For more information, read the full article at MyCentralJersey.com.
Pre-kindergarten children in New Brunswick’s The Tiny Tot Spot know that Hunterdon Central Regional High School student Kai Dennis sees them as special as they received brand new backpacks filled with school supplies for the school year. Kai decided to partner with the Global Literacy Project, Inc. (GLP) to provide the basics for the entire newly entering class.
Flemington, NJ, September 8, 2014 – Kai Dennis (in photo) spent the month of August working hard to prepare for school, but not just for her senior year in high school. Kai set out to ensure that the community-based Tiny Tot Spot pre-school in New Brunswick, New Jersey would be able to surprise its newest class of entering students. With the help of her school’s Marching band and the employees of Gallus Biopharmaceutical LLC in Princetion she was able to collect new backpacks filled with literacy supplies for every fall 2014 entering student.
Kai has a history of service to her community–she is a member of Girl Scout Troop 80419 at her school and has already won Bronze and Silver awards for her community service efforts. She is also a member of the Heart of New Jersey Council.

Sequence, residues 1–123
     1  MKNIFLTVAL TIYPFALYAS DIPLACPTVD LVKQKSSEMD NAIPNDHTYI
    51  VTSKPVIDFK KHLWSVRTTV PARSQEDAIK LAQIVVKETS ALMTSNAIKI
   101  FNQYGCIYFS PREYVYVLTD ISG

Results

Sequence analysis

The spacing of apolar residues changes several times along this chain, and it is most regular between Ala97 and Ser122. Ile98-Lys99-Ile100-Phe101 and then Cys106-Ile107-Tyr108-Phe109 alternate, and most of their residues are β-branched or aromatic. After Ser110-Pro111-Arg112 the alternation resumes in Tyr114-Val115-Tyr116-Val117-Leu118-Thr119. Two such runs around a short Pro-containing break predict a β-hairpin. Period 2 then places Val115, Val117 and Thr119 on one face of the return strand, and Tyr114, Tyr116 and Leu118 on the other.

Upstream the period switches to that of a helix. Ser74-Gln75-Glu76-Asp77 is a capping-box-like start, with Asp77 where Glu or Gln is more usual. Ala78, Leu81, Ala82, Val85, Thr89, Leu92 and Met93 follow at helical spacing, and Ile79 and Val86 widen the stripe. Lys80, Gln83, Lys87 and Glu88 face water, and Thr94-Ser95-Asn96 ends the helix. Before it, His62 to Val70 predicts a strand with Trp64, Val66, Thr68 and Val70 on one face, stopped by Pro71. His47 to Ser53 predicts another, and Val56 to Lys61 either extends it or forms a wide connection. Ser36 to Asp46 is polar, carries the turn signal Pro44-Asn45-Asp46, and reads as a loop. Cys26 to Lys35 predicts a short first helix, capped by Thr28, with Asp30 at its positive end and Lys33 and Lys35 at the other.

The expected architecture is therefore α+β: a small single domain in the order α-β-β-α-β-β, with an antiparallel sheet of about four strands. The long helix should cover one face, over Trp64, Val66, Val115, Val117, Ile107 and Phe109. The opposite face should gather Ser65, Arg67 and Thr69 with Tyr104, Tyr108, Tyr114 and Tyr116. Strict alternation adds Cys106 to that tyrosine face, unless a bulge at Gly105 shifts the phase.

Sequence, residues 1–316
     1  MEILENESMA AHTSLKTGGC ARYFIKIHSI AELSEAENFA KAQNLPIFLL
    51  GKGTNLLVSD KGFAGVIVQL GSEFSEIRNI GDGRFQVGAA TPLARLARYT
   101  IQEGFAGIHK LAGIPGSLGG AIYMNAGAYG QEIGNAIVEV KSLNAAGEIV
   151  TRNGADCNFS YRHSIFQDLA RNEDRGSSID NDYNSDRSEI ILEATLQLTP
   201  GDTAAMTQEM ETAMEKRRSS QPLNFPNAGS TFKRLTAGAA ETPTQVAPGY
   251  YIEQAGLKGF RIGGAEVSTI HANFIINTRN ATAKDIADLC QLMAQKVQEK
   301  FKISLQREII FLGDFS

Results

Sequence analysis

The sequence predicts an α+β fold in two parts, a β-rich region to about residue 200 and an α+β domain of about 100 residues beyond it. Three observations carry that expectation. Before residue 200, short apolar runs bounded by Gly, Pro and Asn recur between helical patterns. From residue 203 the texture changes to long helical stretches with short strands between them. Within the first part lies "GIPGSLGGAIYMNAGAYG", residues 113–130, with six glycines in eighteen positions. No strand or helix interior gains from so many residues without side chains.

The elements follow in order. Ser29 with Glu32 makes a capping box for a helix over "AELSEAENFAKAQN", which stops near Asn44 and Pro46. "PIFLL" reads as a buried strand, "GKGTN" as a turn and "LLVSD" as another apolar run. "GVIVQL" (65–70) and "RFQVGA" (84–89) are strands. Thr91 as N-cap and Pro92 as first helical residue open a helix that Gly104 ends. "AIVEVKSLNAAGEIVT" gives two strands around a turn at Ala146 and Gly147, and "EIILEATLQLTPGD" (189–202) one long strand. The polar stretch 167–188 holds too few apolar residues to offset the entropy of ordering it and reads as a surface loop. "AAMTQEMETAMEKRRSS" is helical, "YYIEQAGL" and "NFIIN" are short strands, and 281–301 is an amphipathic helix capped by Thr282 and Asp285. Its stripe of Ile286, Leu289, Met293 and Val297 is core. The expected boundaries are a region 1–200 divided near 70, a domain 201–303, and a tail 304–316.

During the summer break, the rising senior decided that she wanted to continue to make a difference and when she heard about a New Jersey non-profit, the Global Literacy Project, Inc. (GLP), working to help children both locally and globally. Kai decided that the goals of the organization sounded like a great fit. In fact, with the success of her “Backpacks for Kids” project” she is now hoping to spend her senior year assisting with several Global Literacy Project, Inc. initiatives reaching children in New Jersey as well as in Africa and the Caribbean. The Tiny Tot Spot is one of several community groups that the organization has been supporting over the years.
Reverend Lauren Carrington, the Director of the Tiny Tot Spot expressed her delight and gratitude for Kai’s efforts. According to Carrington, “Our ability to make a difference in the community is multiplied many time over when we have support from wonderful supporters like Kai.”
The theme of International Literacy Day 2014 is “Literacy and Sustainable Development.” Literacy is one of the key elements needed to promote sustainable development and having a good start at the youngest educational stage enhances lifelong learning and plays a crucial foundational role in the creation of a sustainable engagement with learning.
Book Drive By the Bragg School Triples Planned For Goal!